Readout displays back during the time before first generation InterStel hadn’t been able to maintain three dimensional viewing without time delay for converting data and creating the hologram imaging used in present day, so the rotating disk method had been developed for monitoring near space to take advantage of the instant replay of two dimensional images on two dimensional screens. It was almost hypnotizing to watch.
Leo glanced down the sides and then leaned far over the P.D.E.W. console to look at the panel back. This row of panels fit smoothly against each other and were flush with the curve of the wall behind them... as if made to fit this wall specifically. The P.D.E.W. was at the end of the row and had a snap cover on the exposed side, so he crouched down, snapped it open and looked inside. The dust was too thick to see if there were old bolt holes at the base of the panel, but how the couplings looked like they were installed in cables that were the same on each side instead of the floor side looking older, he doubted he’d find holes if he moved the dust. And he didn’t find any when he did move some.
The second panel Leo had turned on beeped as ready. He snapped the cover back into place and stood up, wiping his hands absently and spreading dust across the front of his uniform. He and Trevor both looked at the backlit transglass. This display was of a directional, three dimensional image of long-range space directly in front of Dockland. Leo didn’t need to walk the two steps and brush away the dust with his sleeve to know what the screen readout would say, but he did anyway.
“What are those?” Trevor squinted at the unfamiliar numbers below the familiar star tags.
“Targeting distances,” Leo said at a whisper. “L.R.P.W. is the abbreviation for Long Range Pulse Weapon.”
Trevor laughed and slapped his arm as if he’d said something funny. Leo didn’t laugh, his arms hanging at his sides as he stared at the screen.
“P.D.E.W. stands for Primary Direct Energy Weapon,” Leo said. The smile fell from Trevor’s face. “And P.O.R.A. is the abbreviation for Primary Optics / Radar Assembly,” Leo added.
“Are you joking me?” she asked, her voice trembling. He shook his head to the negative, swallowing hard.
“Look at the conversion couplings, Trevor. Each connection is what it should be. I’d gamble actual currency there isn’t a standardized coupling in this room, except for the connections requiring them.”
She scoffed and looked at the backs of the InterStel panels again, this time using the little pocket torch she always carried to look at them at lot closer than they had before. “Okay, so they’re all different but perfect for the cables they’re in. So?” she asked, fidgeting with her sleeve and then knocking away dust smeared on her uniform.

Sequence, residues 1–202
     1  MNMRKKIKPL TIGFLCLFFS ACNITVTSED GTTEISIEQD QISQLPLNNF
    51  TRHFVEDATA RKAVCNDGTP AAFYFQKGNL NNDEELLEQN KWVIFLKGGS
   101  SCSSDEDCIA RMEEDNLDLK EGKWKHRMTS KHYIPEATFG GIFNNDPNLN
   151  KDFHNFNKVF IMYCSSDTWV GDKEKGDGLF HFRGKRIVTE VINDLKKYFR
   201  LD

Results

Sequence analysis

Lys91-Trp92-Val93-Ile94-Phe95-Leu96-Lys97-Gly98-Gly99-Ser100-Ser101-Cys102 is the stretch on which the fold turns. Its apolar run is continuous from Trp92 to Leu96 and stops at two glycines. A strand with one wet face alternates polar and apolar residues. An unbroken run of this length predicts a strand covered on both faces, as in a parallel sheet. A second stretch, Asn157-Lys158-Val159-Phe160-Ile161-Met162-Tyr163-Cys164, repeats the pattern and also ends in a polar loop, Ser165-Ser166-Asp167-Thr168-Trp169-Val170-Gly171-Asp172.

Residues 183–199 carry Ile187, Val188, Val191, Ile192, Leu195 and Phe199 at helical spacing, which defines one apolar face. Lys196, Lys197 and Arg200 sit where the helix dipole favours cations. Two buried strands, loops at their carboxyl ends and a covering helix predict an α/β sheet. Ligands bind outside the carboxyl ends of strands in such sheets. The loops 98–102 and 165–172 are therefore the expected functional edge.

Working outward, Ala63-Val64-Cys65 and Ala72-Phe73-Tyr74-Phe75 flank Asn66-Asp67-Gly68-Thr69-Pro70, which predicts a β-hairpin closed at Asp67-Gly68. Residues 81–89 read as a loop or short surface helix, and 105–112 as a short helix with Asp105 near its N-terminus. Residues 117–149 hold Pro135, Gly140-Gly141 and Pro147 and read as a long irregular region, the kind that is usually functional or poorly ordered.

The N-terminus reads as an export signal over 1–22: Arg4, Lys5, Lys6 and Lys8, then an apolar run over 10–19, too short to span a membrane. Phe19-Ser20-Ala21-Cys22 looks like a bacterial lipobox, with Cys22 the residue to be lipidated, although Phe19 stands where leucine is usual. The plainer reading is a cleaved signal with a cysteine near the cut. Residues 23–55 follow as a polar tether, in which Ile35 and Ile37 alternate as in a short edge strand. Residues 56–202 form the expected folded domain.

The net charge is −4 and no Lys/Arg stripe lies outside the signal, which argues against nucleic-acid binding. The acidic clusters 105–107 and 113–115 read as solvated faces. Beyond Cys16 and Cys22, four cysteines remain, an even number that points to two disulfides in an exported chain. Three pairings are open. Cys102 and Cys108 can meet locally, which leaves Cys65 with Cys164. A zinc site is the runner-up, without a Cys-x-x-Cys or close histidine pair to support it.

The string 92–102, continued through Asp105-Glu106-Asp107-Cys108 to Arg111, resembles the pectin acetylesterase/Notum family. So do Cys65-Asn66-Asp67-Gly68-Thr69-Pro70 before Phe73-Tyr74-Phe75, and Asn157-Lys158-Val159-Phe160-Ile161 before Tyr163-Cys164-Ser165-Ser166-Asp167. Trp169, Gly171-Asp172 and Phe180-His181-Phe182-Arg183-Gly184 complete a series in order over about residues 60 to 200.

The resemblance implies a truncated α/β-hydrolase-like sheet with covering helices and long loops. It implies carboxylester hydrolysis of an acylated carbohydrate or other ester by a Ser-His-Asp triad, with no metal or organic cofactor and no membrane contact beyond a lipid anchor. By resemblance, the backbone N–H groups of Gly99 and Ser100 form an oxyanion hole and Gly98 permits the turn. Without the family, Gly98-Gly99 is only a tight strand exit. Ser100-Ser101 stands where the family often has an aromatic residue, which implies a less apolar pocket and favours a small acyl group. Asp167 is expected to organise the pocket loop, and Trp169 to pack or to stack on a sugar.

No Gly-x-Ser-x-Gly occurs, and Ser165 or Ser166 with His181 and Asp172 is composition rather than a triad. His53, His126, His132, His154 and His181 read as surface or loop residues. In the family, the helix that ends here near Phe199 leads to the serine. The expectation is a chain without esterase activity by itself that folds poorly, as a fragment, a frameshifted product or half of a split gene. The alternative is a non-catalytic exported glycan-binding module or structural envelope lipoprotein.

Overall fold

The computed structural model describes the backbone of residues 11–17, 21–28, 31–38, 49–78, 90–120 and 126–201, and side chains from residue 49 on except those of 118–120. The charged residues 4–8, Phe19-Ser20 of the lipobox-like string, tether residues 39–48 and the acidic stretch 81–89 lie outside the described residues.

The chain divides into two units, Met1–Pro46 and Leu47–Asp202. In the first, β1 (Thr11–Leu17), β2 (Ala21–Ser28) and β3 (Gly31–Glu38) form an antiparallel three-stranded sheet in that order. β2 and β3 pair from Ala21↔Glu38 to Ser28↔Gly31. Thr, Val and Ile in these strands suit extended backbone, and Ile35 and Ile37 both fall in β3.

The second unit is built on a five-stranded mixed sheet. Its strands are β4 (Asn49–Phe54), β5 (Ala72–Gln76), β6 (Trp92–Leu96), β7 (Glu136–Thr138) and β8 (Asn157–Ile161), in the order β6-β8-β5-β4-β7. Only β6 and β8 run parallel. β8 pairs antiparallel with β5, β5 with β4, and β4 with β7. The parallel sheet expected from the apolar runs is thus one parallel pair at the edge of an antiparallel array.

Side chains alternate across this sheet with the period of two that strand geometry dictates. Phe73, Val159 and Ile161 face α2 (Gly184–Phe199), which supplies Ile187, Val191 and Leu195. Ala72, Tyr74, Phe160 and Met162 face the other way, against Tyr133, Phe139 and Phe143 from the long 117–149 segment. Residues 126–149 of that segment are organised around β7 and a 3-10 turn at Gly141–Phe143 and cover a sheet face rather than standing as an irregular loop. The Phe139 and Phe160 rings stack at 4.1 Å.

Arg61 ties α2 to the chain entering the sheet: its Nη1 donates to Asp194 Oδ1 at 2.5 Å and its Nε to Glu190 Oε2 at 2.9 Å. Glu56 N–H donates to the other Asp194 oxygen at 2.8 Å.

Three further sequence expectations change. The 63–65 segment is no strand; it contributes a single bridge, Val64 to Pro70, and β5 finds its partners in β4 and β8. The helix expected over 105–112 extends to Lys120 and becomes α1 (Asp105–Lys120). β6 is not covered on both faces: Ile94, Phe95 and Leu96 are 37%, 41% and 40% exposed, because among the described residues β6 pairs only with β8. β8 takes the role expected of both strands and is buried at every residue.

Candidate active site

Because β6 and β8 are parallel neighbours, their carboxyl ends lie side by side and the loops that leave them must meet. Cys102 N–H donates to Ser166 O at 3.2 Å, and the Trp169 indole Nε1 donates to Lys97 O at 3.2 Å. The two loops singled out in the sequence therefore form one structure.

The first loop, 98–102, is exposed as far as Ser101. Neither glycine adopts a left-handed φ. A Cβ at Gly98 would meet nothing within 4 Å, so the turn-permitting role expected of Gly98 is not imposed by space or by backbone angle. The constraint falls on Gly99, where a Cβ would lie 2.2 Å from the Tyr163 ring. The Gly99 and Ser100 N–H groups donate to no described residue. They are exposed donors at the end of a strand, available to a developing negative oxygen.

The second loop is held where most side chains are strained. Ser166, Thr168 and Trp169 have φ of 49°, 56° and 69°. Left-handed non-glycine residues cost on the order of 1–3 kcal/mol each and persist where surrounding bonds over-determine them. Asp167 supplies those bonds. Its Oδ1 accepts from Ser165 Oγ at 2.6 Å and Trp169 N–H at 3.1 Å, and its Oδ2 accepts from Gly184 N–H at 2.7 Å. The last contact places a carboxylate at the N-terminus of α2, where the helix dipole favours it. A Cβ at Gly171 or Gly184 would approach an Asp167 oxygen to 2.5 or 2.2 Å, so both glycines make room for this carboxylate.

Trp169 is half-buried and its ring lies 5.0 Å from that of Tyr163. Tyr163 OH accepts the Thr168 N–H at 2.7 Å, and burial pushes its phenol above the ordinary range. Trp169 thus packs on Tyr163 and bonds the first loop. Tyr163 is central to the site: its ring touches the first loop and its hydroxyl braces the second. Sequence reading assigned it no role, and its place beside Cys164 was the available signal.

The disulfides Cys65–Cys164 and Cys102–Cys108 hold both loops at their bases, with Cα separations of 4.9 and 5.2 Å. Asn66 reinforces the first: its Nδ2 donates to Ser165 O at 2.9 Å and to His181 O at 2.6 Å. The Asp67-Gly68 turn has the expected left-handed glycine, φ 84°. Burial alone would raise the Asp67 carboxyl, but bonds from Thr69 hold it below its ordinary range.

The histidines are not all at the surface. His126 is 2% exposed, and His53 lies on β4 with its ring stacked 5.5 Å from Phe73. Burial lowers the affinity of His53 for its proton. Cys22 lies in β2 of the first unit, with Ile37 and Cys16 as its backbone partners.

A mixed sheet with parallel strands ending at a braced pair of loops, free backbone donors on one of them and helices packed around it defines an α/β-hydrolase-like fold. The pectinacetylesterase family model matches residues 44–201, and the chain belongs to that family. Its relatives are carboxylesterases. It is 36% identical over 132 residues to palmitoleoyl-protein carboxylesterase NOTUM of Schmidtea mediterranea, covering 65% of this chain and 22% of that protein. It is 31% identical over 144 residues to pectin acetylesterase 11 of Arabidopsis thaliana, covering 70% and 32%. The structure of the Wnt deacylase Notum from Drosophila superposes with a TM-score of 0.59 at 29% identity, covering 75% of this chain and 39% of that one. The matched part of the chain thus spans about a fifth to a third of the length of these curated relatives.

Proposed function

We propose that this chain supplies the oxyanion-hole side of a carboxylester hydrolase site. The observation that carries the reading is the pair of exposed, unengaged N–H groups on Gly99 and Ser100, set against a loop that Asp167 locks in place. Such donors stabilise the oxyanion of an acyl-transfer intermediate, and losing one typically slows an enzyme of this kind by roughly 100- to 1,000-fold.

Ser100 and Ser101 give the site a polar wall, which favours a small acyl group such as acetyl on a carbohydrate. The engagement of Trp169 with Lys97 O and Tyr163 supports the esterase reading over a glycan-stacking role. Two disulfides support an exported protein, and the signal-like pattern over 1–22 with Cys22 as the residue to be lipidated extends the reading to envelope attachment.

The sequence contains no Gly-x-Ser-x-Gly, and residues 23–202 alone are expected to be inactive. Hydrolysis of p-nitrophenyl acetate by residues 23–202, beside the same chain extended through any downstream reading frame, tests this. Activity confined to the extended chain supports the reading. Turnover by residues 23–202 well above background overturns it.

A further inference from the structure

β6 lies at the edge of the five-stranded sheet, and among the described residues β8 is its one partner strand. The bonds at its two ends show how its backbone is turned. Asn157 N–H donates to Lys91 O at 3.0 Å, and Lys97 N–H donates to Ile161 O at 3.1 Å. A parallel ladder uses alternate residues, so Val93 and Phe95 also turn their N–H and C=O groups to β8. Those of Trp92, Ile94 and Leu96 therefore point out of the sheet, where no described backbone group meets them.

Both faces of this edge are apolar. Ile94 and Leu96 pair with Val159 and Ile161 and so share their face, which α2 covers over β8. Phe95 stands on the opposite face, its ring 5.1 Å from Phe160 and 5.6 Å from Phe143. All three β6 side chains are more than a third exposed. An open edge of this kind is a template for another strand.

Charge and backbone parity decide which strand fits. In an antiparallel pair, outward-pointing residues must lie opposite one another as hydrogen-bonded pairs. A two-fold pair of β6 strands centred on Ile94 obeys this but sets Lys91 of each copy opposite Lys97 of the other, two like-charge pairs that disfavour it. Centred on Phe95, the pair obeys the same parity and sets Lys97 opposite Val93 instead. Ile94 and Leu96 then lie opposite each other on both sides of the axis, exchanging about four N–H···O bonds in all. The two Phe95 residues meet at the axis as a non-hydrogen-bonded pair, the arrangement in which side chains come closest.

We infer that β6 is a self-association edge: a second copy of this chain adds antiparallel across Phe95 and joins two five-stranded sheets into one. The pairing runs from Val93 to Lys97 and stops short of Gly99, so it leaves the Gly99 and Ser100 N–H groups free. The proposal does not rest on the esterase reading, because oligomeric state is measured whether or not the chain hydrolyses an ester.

“Since when does Coalition do things right when they upgrade?” Leo asked, finally looking away from the L.R.P.W. screen to hold eye contact with Trevor. “We’re only now getting the worst of the hardware problems smoothed out since Dockland’s upgrades, and those were installed in the first half of this exploration. You know as well as I do Coalition does things standardized, even when standard isn’t optimal for systems.”
“These couplings being right doesn’t mean Dockland is a pre-InterStel ship,” Trevor argued.
“That’s actually exactly what it means,” Captain said.
Leo and Trevor spun to face the door. Captain was standing there with a bleary-eyed Lastin beside her; he was in the process of yawning widely and wasn’t in uniform. Red pillow grooves on his face and messy brown hair above blue and black workout clothes proved he’d obviously woken up only minutes prior to being here with Captain right now.
“Dockland is one of two registered ships rushed out of construction backlogs and commissioned into service during final assembly only months before demilitarization was formally announced, a year before first generation InterStel was available,” Captain said. “They returned to the assembly yard for complete refitting and InterStel upgrades. The conversion couplings you two are discussing are all shipyard factory grade, the same as any other assembly yard modification or in-construction revision to include InterStel.”
“Dockland’s records show it was commissioned with InterStel, though. It can’t be pre-InterStel,” Trevor argued, her knowledge of Dockland and understanding of how Coalition maintained ship registrations debunking the thought that Captain was telling the truth.
“Is that what the records say?” Captain asked. “Okay. Sure,” she continued, with no evidence of agreement in her tone, expression, or posture. “Dockland had a revised construction plan which opted to keep every panel bank supporting weapons after Coalition completely demilitarized and made every ship mounted offensive weapon system illegal for newly constructed ships. And then Dockland was commissioned without issue. That makes sense.”
A weekly blog updating on Fridays with quick personal blurbs about me, as in what's going on during my life as an Author and mom, and that doles out my short stories and novellas in bite-sized parts for everyone to read for free!